504

How do I verify that method was NOT called in Moq?

Does it have something like AssertWasNotCalled?

UPDATE: Starting from Version 3.0, a new syntax can be used:

mock.Verify(foo => foo.Execute("ping"), Times.Never());
0
595

Run a verify after the test which has a Times.Never enum set. e.g.

_mock.Object.DoSomething()
_mock.Verify(service => service.ShouldntBeCalled(), Times.Never);
3
  • 9
    What's critical here is that the Verify(action, Never) call is after the invocation to the mock. I thought it was setting up the verification for calling VerifyAll() later (which does not work)
    – piers7
    Sep 4 '14 at 8:15
  • Simple and effective. Thanks. Apr 20 '18 at 11:32
  • Not sure if it's because a newer version, but if you setup the mock with ´MockBehavior.Strict´ and don't add a Setup then it'll fail if the method is called. No need for a Verify. Oct 7 '20 at 10:04
166

UPDATE: Since version 3, check the update to the question above or Dann's answer below.

Either, make your mock strict so it will fail if you call a method for which you don't have an expect

new Mock<IMoq>(MockBehavior.Strict)

Or, if you want your mock to be loose, use the .Throws( Exception )

var m = new Mock<IMoq>(MockBehavior.Loose);
m.Expect(a => a.moo()).Throws(new Exception("Shouldn't be called."));
7
  • 9
    ... or Callback() to set some flag that can be asserted.
    – alex
    Feb 11 '09 at 16:27
  • 2
    Also with option#2, you can't have a VerifyAll in a general Teardown method - it will fail saying that the expectation was not met ; when the test should ideally pass.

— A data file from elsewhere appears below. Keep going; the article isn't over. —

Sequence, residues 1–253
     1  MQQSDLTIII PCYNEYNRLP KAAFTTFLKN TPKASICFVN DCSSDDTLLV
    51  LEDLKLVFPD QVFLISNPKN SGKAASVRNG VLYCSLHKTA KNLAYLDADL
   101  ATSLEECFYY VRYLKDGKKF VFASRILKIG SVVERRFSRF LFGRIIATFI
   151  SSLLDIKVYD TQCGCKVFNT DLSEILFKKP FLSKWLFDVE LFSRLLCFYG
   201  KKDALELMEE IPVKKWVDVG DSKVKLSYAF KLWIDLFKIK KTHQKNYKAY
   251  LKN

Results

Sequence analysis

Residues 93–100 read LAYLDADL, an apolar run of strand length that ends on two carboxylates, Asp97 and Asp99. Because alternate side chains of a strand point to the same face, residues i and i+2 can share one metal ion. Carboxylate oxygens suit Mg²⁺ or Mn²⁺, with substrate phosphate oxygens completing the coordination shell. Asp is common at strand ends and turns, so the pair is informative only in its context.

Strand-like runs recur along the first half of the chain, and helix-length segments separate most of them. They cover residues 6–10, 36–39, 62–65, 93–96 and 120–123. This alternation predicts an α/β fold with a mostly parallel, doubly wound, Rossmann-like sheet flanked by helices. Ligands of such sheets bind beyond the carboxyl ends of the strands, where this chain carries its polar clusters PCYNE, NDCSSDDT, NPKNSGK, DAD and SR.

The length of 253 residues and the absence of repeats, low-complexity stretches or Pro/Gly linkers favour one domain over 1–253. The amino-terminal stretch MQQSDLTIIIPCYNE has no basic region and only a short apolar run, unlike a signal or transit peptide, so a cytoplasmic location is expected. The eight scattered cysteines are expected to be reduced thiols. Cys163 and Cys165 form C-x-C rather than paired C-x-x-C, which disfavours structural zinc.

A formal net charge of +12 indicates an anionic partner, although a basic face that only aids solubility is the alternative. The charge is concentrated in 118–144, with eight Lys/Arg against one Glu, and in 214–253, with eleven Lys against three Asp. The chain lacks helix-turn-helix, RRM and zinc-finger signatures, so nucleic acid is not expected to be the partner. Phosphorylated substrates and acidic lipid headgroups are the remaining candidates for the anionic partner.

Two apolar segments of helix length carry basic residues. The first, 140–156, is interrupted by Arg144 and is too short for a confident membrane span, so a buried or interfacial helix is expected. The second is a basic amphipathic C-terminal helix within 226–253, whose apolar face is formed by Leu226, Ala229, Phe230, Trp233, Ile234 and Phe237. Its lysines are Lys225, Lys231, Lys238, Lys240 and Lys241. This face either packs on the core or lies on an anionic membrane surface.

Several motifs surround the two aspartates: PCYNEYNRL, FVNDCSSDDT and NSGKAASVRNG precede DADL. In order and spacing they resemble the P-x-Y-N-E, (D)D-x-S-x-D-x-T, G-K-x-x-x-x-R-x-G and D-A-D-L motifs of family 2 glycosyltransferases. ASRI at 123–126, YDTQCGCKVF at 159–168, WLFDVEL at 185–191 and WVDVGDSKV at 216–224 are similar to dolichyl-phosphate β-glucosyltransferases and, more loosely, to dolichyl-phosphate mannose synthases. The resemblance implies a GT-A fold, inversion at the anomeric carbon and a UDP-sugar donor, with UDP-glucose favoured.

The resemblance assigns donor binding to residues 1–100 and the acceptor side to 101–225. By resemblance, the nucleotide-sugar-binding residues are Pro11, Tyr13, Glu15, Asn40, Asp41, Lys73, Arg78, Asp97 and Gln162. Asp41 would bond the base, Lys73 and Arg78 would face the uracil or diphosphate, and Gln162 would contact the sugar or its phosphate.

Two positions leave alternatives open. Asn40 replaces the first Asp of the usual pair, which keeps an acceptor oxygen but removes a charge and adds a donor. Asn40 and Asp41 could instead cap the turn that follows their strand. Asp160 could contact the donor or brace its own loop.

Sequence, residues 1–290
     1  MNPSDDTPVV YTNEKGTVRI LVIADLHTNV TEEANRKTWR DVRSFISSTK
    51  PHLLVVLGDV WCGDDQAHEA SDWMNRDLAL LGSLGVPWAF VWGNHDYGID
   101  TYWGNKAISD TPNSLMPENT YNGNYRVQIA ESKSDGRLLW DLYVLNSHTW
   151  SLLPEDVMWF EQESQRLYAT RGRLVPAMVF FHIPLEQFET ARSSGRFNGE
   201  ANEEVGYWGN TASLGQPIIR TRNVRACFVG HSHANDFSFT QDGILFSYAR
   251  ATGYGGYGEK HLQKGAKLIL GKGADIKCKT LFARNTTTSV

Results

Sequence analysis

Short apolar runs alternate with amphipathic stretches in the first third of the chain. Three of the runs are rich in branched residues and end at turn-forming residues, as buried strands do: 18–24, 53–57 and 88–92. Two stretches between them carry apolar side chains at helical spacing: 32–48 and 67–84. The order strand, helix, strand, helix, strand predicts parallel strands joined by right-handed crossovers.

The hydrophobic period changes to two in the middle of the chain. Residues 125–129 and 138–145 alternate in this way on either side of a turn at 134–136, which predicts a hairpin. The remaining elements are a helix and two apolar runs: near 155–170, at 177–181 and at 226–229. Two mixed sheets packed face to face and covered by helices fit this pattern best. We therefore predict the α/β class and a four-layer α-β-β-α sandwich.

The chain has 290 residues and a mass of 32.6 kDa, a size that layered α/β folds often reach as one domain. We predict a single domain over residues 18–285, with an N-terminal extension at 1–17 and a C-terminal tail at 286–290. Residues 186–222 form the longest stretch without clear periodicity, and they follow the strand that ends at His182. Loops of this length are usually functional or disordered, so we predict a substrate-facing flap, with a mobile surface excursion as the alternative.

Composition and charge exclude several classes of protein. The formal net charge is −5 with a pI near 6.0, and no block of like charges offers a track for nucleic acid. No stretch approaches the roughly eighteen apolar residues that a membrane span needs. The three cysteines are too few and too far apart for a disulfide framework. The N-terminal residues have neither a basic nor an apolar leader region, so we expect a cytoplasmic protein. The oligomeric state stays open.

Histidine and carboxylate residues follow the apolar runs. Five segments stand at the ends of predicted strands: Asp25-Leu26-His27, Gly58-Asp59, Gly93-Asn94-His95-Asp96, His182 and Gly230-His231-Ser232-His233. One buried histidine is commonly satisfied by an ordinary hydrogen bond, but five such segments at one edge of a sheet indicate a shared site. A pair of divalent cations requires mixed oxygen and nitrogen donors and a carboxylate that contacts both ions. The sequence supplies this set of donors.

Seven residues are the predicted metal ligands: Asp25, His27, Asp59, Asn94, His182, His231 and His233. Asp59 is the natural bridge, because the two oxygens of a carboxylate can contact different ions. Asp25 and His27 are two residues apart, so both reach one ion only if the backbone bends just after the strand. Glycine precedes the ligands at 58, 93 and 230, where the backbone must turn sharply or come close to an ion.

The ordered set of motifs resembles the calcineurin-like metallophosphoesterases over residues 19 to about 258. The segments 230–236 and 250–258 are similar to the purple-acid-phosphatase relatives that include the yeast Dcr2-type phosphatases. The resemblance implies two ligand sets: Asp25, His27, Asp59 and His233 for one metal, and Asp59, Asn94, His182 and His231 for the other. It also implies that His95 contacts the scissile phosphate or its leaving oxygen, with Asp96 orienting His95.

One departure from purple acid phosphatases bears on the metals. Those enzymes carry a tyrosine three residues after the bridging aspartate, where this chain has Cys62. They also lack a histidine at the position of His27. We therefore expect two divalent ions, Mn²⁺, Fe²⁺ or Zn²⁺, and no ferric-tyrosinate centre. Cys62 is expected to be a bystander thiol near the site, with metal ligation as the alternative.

– Gishu
    Sep 30 '09 at 10:29
  • 57
    This isn't really a "verify not called" as it could be caught within the method and would still work - providing a false positive!
    – Dan
    Aug 20 '10 at 9:59
  • 5
    Expect is now deprecated Jul 30 '13 at 11:09
  • 5
    This might have been the best possible way in 2009, but certainly not now. sorry Jul 22 '15 at 18:05
52

Stolen from: John Foster's answer to the question, "Need help to understand Moq better"

One of the things that you might want to test is that the pay method does not get called when a person aged over 65 is passed into the method

[Test]
public void Someone_over_65_does_not_pay_a_pension_contribution() {

    var mockPensionService = new Mock<IPensionService>();

    var person = new Person("test", 66);

    var calc = new PensionCalculator(mockPensionService.Object);

    calc.PayPensionContribution(person);

    mockPensionService.Verify(ps => ps.Pay(It.IsAny<decimal>()), Times.Never);
}
12

This does not work in recent versions of Moq (since at least 3.1), it should be specified in the Verify method as mentioned in the answer.

Actually, it's better to specify .AtMost(0) after the Returns statement.

var m = new Mock<ISomething>();
m.Expect(x => x.Forbidden()).Returns("foo").AtMost(0);

Although the "throws" also works, AtMost(0) is more expressive IMHO.

0
0

Suppose you have this method and you want to test that it's not being called

//Setup    
var databaseSessionMock = new Mock<IDatabaseSession>();
databaseSessionMock.Setup(m => m.Commit()).Returns(true).Verifiable();
RepositoryFactory.Configure<IDatabaseSession>(databaseSessionMock.Object);

you can test like this

databaseSessionMock.Verify(m => m.Commit(It.IsAny()), Times.Never(), "Database Session mock object was not used");
-6

Use .AtMostOnce();

After the real test, call the method again. If it throws an exception, it was called.

3
  • 4
    Isn't a little bit too obscure, to assert that exception was thrown by mocking framework?
    – alex
    Feb 11 '09 at 16:02
  • Why? Just check the type of the exception. If it's one thrown my Moq, you're safe. Feb 11 '09 at 16:45
  • 9
    Using Verify with Times.Never is a better choice ... I agree with alex that this solution works, but is definitely obscure.
    – Beep beep
    Dec 5 '10 at 22:03

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